BSR Online Lecture | Helena Augusta’s Roman faces: Christian patron or classical benefactress, obscure mother or powerful matriarch?

WEDNESDAY 1 JULY 18.00–19.30 CET

Julia Hillner (Sheffield; BSR) 

This virtual lecture will take place using the online platform, Zoom.

It is generally believed that Helena, mother of Constantine the Great, resided in the city of Rome during some time of her life and her son’s reign. While this assumption can in itself be debated, this paper takes it as plausible based on the available evidence and asks different, more rarely put questions: why was Helena in Rome? How was she perceived by different urban constituents? And how did her residence in the city shape the urban environment? These are important questions because Constantine’s promotion of his mother in Rome – an obscure woman possibly from the Black Sea region in the still most important city of the empire – was nothing short of extraordinary.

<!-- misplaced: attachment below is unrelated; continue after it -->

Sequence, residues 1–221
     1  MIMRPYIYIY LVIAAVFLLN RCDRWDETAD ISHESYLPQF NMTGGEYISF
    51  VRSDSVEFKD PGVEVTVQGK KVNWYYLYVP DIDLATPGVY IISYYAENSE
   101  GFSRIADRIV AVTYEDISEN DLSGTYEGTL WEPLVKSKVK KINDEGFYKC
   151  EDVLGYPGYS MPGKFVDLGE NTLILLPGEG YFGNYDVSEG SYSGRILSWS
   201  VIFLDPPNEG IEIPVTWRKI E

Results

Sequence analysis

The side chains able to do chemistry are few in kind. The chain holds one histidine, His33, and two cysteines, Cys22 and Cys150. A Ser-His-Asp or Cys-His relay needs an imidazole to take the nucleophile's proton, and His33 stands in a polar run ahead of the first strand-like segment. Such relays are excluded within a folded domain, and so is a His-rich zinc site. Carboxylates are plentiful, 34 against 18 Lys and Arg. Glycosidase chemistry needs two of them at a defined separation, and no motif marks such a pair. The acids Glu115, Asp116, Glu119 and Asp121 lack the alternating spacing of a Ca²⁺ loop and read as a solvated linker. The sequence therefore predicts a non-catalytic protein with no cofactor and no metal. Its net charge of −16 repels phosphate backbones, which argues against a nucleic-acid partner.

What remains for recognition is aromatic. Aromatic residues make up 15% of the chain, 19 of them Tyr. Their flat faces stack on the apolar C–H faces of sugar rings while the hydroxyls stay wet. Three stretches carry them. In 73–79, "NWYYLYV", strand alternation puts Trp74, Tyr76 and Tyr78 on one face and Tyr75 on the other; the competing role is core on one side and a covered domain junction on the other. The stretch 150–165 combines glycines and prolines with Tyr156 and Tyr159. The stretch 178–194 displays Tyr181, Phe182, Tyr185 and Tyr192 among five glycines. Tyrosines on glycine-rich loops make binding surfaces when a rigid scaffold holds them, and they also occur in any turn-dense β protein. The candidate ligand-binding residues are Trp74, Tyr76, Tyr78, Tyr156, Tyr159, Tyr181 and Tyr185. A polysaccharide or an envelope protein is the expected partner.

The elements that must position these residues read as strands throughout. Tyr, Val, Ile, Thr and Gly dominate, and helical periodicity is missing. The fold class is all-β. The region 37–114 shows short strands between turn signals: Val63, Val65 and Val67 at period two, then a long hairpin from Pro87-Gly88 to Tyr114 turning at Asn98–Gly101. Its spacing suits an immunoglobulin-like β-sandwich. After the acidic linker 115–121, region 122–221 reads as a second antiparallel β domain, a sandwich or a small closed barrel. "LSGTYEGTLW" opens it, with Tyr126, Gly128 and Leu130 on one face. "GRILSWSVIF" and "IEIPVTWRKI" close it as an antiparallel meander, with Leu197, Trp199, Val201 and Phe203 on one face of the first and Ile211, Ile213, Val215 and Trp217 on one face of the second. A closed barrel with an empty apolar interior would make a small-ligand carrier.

Julia Hillner is a Professor of Medieval History at the University of Sheffield. She is currently writing a biography of Helena, mother of Constantine, for Oxford University Press. She also leads the Leverhulme-funded project ‘Women, Conflict and Peace: Gendered Networks in Early Medieval Narratives’ which looks more generally at how late antique and early medieval authors inscribed women into the stories they told about the great themes of the period: the triumph of Christianity, the end of the Roman empire and the emergence of the post-Roman world.

Please register here as places are limited.